New Orleans Eighteen years ago, ACORN warned Walmart that opening stores in Chicago was not just a mistake, but wrong. We fought for a higher living wage for retail workers with mixed results. I was there with our members one day when we picketed the location. We were especially opposed to the company’s plans then to open a store in the Englewood area, the heart of our Chicago base. This was a period when we were fighting the company everywhere from Chicago to Florida, along the I-4 corridor, and even in India, where we continue to push back against their expansion through ACORN’s India FDI Watch Campaign, curtailing their foreign direct investment in retail. They didn’t listen and plowed ahead, but now they are finally admitting they are paying for their mistakes in cold, hard cash with the announcement that they are closing four stores immediately in Chicago.
Turns out they have been losing their shirt to the tune of tens of millions of dollars each year. Furthermore, this has been going on for years. The company claims that they are hoping this maneuver saves the other stores, including it seems the property in Englewood, where though controversial, they are anchored in something of a food desert. This isn’t just a Chicago story for the Arkansas-based giant. They have closed stores in other cities as well, including one recently in Washington, where Justice Clarence Thomas might have enjoyed hanging out in their parking lot with the other campers providing free security for the big boxes. Despite a lot of talk and lobbying over the years, much of which is past history, Walmart has never opened stores in New York City. For almost twenty years, an ordinance in the city of Los Angeles that requires any company wanting to open a superstore sized operation to produce an economic impact statement has blocked them there. The company seems to be finally conceding that its strategy of planting stores as beachheads in big cities in order to expand by attracting new customers just isn’t working.
At least that’s true where there has been concerted opposition. Walmart’s are everywhere in the big sunbelt cities in Texas and Arizona, for example. They still are making money hand over fist in many rural areas where they have driven out the competition and in suburbs where they are often ubiquitous. They may not be in the city of Los Angeles, but the activist research organization LAANE, the Los Angeles Alliance for a New Economy, says they had as many as 212 stores ten years ago in Los Angeles County. Furthermore, they may not be in New York City, but in the state capital of Albany they boast the largest store in the chain, which even has two levels. If they are crying about their big city strategy, they are still doing so all the way to the bank.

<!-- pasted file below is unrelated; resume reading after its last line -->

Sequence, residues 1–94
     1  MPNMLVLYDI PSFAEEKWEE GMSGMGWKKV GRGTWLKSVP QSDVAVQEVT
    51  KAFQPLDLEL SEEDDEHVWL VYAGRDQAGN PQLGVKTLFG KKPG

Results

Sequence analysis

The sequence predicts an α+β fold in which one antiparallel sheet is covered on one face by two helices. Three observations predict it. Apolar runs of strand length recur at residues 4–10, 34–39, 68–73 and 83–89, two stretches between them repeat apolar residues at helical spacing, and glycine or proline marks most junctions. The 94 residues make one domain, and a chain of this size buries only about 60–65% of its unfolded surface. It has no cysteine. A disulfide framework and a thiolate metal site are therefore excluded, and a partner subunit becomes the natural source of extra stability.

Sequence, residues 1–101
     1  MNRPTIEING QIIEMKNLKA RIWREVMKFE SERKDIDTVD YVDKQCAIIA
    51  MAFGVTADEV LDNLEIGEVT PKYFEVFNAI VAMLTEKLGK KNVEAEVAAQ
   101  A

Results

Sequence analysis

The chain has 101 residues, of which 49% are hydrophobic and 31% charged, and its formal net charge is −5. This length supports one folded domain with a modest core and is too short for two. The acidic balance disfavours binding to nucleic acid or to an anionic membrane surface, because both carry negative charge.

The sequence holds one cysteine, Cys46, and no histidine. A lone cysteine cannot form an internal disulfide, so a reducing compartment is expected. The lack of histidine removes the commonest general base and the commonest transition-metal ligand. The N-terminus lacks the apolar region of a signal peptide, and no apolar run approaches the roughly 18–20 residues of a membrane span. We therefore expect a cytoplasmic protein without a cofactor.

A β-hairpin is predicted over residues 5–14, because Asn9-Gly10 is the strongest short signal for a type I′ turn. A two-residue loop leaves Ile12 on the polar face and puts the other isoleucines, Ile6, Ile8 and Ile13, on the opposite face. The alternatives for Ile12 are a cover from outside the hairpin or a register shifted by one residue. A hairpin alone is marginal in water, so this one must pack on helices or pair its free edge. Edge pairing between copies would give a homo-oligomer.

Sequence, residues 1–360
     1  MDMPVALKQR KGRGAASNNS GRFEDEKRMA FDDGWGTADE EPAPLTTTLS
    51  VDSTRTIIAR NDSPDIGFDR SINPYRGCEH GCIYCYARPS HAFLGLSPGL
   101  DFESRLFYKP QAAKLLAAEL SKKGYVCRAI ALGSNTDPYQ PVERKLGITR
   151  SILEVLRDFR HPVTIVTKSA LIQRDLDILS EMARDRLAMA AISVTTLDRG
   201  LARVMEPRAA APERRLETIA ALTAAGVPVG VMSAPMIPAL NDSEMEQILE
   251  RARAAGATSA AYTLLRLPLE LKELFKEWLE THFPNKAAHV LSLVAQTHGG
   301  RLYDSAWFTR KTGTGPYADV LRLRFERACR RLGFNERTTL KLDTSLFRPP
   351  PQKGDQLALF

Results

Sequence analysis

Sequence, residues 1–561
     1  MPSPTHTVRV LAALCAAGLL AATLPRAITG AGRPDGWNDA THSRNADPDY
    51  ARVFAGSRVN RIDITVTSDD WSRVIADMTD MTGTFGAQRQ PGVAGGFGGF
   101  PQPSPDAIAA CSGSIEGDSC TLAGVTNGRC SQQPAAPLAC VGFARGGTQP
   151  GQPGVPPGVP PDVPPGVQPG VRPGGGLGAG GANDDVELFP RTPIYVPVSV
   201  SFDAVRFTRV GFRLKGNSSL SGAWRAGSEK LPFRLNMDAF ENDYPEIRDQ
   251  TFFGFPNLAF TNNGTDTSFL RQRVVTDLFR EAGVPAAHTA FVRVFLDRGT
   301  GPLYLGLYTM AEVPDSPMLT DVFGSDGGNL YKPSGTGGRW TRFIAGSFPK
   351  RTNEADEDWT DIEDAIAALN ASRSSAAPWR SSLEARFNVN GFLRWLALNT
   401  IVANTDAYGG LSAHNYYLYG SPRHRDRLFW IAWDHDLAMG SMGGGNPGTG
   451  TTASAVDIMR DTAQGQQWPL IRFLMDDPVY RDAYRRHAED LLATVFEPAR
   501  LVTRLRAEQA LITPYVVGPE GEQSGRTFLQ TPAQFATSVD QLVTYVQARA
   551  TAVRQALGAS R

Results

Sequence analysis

Even the concessions we negotiated in India didn’t completely stop them, though it slowed them down. Walmart and other multi-brand retail outlets are barred from city centers, allowed only in cities with more than one-million population, and mandated to source a huge percentage of goods from India, all of which made the country less interesting to them.
Nonetheless, in the way companies like Walmart are all about their brand, even with some wage increases and different spins on emissions, climate, and more, they still can’t escape their reputation as anti-worker, anti-union, and too deeply conservative on too many measures for many big city consumers. You gotta learn, and they still haven’t.